Art Works Blog

Art Talk

Today, we get to hear from Afro-Venezuelan singer Betsayda Machado. Twice. That's right, folks. Two blogs for the price of one. Well, two audio stories. The first in English, the second in Spanish. In mid-October, at the tail end of Hispanic Heritage Month, Betsayda Machado and the electrifying...
What does it take to mount on a musical? For the new issue of NEA Arts , we went behind the scenes at Signature Theatre's production of Crazy For You to find out. Browse the issue to see things from the POV of the production stage manager, the choreographer, the casting director, music team, and...
Having grown up in what he calls “a musical household,” Robert Accordino first learned about the benefits of music participation for people with autism while an undergrad studying psychology and music. Before heading to medical school, he did graduate work at Oxford University where he first...
At the beginning of Christina Ham ’s Nina Simone: Four Women —which takes its name from Simone’s controversial 1966 song—Nina Simone sits amidst the ruins of the bombed 16th Street Baptist Church wrestling with her grief as a woman and as an artist. Currently in performances at Washington, DC’s...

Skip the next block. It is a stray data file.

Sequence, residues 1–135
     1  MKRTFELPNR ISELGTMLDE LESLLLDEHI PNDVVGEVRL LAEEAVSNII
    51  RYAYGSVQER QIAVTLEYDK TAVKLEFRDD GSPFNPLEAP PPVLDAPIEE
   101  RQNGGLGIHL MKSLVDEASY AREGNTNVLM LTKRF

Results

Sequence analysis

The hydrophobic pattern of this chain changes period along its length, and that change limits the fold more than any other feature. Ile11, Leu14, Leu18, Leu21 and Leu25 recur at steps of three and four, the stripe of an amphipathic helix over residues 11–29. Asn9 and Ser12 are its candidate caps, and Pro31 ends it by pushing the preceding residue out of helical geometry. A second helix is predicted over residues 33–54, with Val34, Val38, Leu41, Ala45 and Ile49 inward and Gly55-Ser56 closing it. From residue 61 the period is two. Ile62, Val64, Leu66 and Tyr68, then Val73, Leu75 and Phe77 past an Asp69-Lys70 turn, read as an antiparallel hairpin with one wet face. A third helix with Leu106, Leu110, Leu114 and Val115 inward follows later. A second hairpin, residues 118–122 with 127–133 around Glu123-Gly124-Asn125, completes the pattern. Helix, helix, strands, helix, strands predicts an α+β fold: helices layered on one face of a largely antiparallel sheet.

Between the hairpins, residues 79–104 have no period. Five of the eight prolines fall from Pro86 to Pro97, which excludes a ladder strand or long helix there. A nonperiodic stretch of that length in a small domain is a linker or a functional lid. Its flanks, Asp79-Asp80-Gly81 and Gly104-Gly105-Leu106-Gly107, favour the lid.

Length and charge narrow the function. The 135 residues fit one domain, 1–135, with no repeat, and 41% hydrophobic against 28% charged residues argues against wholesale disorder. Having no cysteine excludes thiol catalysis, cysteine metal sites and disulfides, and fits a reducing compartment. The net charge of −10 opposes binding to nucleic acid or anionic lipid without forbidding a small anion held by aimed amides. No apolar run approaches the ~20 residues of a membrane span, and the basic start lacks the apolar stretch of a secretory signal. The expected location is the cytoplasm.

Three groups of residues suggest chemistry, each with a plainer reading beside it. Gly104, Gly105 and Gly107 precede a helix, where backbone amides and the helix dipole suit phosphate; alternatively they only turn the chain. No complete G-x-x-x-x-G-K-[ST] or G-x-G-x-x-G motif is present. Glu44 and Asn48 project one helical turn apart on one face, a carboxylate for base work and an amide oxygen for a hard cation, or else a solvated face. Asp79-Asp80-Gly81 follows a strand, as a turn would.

Let’s get one thing straight: newly named NEA Creative Writing Fellow Adam Ehrlich Sachs gets along just fine with his father, thank you very much. It’s a question that readers might find themselves pondering after reading Inherited Disorders: Stories, Parables, and Problems , Sachs’s debut story...
There is a common, longstanding misconception that Native American art is synonymous with traditional art—beadwork or weaving for example. And yet, as the exhibition materials for Transformer: Native Art in Light and Sound , state: “This limiting interpretation does not recognize that tradition, by...
“My job as a writer is to offer at least some small part of what saved me to others.” — Sandra Gail Lambert Though Sandra Gail Lambert didn't start writing seriously until her late 30s—publishing her first novel at 62—there are advantages to being a "late bloomer." As she herself put it, "Emotional...
“You can lock a person up and let him out after so long. Maybe during incarceration you teach him a trade—that’s great. What you also have to do is help him tap into the emotional instabilities that brought him to prison in the first place. Writing, art, and more importantly, education in...
María José Giménez was introduced to the practice of literary translation as a student at Canada’s Concordia University. Having immigrated from Venezuela to Canada, she found herself interested in Canada’s small but thriving community of Latino-Canadian writers. The art of literary translation has...
Since fleeing Cuba on a Freedom Flight in 1970, playwright Nilo Cruz has returned just once: in 1979, to visit sisters who initially remained behind. Though he resettled with his family in Miami at age nine, Cuba remains a central presence in Cruz’s work, from his physical settings, to his...

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